I had been assigned to transport five Marines out of Ramadi who died in an IED blast. As we flew in, the entire Marine battalion that operated out of Ramadi was off to the right of the landing zone, standing in formation, at attention. After they brought four of the remains to the aircraft on stretchers, someone handcarried the remains of the fifth Marine in two body bags to the helicopter. When we had landed, the battalion’s commanding officer had come on board the aircraft to tell us that one of his Marines was going to accompany the remains back to al-Taqaddum. Passengers and “angels” were never on the same aircraft together, but in this case an exception was made. The Marine accompanying one of the bodies back was the deceased Marine’s twin brother.
Several months after seeing Ronnie’s football jersey in the chow hall at al-Qa’im, disaster struck within my squadron: Morphine 1-2, one of the call signs of our aircraft, was shot down by a man-portable air defense shoulder-fired missile near Karma while returning from a CASEVAC mission on February 7, 2007. Capt. Jennifer Harris (USNA 2000), 1st Lt. Jared Landaker, Sgt. Travis Pfister, Sgt. James Tijerina, Cpl. Thomas Saba, HM1 Gilbert Minjares, and HM3 Manuel Ruiz all perished. These individuals had saved hundreds of other people’s lives flying CASEVAC missions before giving up their own.
As I considered my time as a member of the Purple Foxes, I realized that the hardest part was the mental aftermath. I would lie in bed after a mission, alone with my thoughts. I recalled everything in detail—the sights, smells, radio calls, and what the weather was like. I felt somewhat responsible for any deaths although there wasn’t anything else I could have done. I thought about the fact that that person had a mom and dad who did not yet know what horrible thing had happened to their son or daughter. I wondered about the person who had just made the ultimate sacrifice.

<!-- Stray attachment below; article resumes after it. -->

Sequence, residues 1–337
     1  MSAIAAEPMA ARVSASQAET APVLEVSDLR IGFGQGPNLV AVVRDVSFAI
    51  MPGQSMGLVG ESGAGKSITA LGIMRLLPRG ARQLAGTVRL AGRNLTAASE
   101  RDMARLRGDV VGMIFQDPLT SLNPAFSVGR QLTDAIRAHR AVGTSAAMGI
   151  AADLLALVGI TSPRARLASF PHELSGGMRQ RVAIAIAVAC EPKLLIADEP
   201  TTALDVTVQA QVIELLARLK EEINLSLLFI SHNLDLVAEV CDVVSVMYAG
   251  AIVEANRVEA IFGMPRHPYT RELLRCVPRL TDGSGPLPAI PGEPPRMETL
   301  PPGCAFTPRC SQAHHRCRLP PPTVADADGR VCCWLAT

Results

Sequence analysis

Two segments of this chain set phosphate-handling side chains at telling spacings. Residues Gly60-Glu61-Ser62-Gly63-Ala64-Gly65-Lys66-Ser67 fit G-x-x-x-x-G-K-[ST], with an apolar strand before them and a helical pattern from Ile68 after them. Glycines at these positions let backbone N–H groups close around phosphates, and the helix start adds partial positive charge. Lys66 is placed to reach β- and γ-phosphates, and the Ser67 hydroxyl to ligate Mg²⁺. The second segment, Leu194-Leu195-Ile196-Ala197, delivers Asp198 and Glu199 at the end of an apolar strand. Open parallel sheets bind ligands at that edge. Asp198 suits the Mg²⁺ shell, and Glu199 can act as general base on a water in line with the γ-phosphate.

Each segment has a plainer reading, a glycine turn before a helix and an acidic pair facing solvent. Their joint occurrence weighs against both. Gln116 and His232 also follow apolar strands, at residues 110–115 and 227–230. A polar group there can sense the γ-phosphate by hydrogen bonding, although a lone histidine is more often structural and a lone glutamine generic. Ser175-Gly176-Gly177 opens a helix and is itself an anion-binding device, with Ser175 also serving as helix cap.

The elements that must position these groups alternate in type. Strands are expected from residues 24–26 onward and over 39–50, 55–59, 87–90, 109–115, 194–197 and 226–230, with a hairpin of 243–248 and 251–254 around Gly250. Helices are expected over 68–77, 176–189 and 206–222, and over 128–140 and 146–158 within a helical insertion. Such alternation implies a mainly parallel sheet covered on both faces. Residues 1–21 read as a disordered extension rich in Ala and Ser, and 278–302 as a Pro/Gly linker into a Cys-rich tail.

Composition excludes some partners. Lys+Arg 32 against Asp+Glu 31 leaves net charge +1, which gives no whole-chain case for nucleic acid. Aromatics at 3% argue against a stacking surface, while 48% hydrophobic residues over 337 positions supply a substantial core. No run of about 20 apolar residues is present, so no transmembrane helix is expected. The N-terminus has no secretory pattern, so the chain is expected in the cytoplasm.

It’s a mixture of emotions. I felt great about what we were doing, because we were saving lives, yet there were times when I knew that those who survived an incident were at the beginning of a painful postwar life. I often wondered about those whom we flew out of harm’s way because we never saw them again. Were they upset about their situation? Did they wish that they had not lived because their life from that point on would be so different and difficult? Were they glad they had survived despite their injuries? Were any of them like Lieutenant Dan from the movie Forrest Gump, who hated Tom Hanks’s character for rescuing him, forcing him to live life in a wheelchair instead of letting him die on the battlefield?
These thoughts weighed on my conscious for a long time, and then on October 21, 2008, I received the answer to some of the questions that I had been afraid to share with anyone. On that day, I received an email from another pilot with whom I had done the first two deployments to Iraq. He said that he had received an email from one of the Navy nurses who had flown with us during the second deployment. An Army sergeant by the name of John Kriesel was trying to get in touch with the squadron. Our squadron had CASEVAC’d him on December 2, 2006, in Zaidon, south of Fallujah, after the vehicle he was in struck a pressure-plate IED wired with two hundred pounds of explosives. It left a crater seven feet wide and four-and-a-half feet deep. One person died at the scene, and another died in the helicopter, but Sgt. Kriesel survived. Now, two years later, Sgt. Kriesel was searching for the crew, flown by a USNA 2000 grad, that had picked up him and his men that day. He wanted to tell us the following: